"Here is what the [Florida Supreme] Court gave to the cigarette companies in today's decision:
1) elimination of $145 billion punitive damages award (which 95% of people paying attention to this case expected);
2) decertification of the class in one year; and
3) reversal of one of the three individual representative class member's compensatory damages award because the claim was barred by the statute of limitations (saving the defendants all of around $7 million).

"Here is what the Court handed the defendants [the tobacco industry] in terms of a defeat today:
1) reversal of appeals court decision and restoring punitive damages as an option in cigarette cases in Florida, including those of potentially hundreds of thousands of class members;
2) reversal of appeals court and allowing to stand all of the findings of general liability against the defendants including liability for:
a) negligence;
b) defective and unreasonably dangerous products;
c) addictive products;
d) strict liability;
e) fraud by concealment;
f) civil conspiracy--misrepresentation;
g) conspiracy--concealment;
h) breach of implied warranty;
i) general causation.
In addition, the Court ruled that cigarette smoking causes the following diseases:
aortic aneurysm, bladder cancer, cerebrovascular disease, cervical cancer, chronic obstructive pulmonary disease, coronary heart disease, esophageal cancer, kidney cancer, laryngeal cancer, lung cancer (specifically, adenocarcinoma, large cell carcinoma, small cell carcinoma, and squamous cell carcinoma), complications of pregnancy, oral cavity/tongue cancer, pancreatic cancer, peripheral vascular disease, pharyngeal cancer, and stomach cancer.

3) Each of these findings on liability need not be proven at trial by class members who file individual claims in Florida within the year (res judicata).  At trial, individual members of the class will need to prove that they smoked a defendant's product, that the smoking caused their specific case of whichever disease is at issue, and that they relied on a defendant's fraudulent claims (but only if fraud is alleged in the complaint claim and it need not be).  While the companies can defend these cases, they cannot claim that they were not negligent, that their products are not defective or unreasonably dangerous and addictive, that smoking does not cause the 16 aforementioned diseases, or otherwise deny any of the other findings that the Court determined were binding on these subsequent cases."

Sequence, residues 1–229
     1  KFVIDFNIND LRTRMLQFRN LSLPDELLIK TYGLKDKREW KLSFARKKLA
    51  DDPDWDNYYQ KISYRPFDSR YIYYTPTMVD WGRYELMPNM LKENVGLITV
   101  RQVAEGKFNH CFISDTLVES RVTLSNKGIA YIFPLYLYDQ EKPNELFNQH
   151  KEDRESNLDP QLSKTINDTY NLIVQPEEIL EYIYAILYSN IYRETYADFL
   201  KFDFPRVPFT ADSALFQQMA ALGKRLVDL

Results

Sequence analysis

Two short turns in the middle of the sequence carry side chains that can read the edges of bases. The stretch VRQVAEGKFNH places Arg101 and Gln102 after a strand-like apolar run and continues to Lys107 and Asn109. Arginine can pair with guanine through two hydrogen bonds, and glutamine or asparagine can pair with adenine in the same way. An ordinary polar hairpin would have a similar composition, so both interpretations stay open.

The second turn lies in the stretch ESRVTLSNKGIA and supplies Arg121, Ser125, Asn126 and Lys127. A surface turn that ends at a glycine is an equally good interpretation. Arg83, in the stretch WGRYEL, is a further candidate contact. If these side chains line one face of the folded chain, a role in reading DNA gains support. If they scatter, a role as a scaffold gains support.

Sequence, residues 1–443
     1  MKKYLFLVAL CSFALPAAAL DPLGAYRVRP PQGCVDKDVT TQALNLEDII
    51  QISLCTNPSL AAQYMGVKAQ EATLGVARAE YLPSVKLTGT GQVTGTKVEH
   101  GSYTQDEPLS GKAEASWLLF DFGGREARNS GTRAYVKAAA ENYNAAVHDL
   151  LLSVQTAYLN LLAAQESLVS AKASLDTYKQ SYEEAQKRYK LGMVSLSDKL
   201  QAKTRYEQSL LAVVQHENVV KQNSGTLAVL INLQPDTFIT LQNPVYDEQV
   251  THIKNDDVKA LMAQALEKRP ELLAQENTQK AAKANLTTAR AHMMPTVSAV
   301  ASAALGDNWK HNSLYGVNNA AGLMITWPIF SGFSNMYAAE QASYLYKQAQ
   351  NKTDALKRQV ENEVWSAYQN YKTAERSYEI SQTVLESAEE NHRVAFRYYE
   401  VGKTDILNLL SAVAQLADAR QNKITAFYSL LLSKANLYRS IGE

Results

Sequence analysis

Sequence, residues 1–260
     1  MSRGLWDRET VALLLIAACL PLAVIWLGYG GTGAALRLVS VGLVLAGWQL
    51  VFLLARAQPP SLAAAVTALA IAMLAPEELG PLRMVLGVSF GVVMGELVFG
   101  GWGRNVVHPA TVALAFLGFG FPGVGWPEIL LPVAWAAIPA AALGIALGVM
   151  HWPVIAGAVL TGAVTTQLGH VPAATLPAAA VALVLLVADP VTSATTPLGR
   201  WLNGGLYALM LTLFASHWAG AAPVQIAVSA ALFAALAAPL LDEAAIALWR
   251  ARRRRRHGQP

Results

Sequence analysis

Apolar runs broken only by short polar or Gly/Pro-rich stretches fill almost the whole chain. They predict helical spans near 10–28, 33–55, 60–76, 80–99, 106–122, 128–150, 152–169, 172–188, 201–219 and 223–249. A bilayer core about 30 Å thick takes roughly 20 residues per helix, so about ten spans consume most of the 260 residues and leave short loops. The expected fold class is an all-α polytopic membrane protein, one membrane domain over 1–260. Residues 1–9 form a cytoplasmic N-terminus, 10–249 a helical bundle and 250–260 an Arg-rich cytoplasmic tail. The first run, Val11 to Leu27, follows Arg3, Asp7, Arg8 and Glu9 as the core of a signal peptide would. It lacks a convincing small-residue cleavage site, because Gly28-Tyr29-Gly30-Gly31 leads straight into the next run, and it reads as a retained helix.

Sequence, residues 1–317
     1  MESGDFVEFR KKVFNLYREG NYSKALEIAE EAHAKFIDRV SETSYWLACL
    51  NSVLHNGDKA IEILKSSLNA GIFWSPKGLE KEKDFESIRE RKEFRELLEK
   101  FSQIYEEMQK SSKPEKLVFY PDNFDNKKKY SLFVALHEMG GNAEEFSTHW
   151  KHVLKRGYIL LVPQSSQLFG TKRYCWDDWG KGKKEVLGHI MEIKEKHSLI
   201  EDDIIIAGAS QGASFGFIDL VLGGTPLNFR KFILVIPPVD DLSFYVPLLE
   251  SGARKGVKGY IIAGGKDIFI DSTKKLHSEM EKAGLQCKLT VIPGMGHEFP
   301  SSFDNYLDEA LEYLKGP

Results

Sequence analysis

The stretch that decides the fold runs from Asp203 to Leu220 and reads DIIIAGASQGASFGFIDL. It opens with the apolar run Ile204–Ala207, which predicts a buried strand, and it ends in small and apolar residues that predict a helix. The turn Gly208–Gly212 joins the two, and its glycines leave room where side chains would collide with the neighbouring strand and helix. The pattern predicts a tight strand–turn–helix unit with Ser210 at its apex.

Past events:

"On May 12, 2004, the Florida Supreme Court agreed to review the decision of the Third District Court of Appeals. On October 6, 2004, the Florida Supreme Court will hear 20 minutes of arguments from each side. The smokers' briefs are due to the Court by June 7, 2004 and the tobacco companies' briefs are due 20 days after they receive the petitioner's brief."  from the Background and Analysis provided by Tobacco Products Liability Project (TPLP) and
excerpted from tobacco.neu.edu.

Excerpts from earlier articles on the Engle Trial in Florida

Excerpts from news article from the May 13, 2004, Sun Sentinel

Excerpts from The Miami Herald, February 28, 2006

February, 2006 -- Still waiting for decision from the Florida Supreme Court.

Excerpts from The Miami Herald, February 28, 2006, headlined, Key doctor in tobacco lawsuit unlikely to outlast payout, writer Elinor J. Brecher

Dr. Howard Engle, longtime Miami Beach pediatrician, has always been angry about something.

In the 1950s and '60s, angry about segregation, he defied convention and ran an integrated medical practice.

In the '70s, mad about drugs in the schools, he stormed before the Dade County School Board with a shocking tale of students offering to sell him dope.

In the '80s, outraged about teenage promiscuity, he blasted off in the newspaper about irresponsible parents and inadequate sex education.

In 1994, furious about his own nicotine habit and the cigarette companies' strategies to hook kids, he became the lead plaintiff in a landmark class-action lawsuit against the tobacco industry.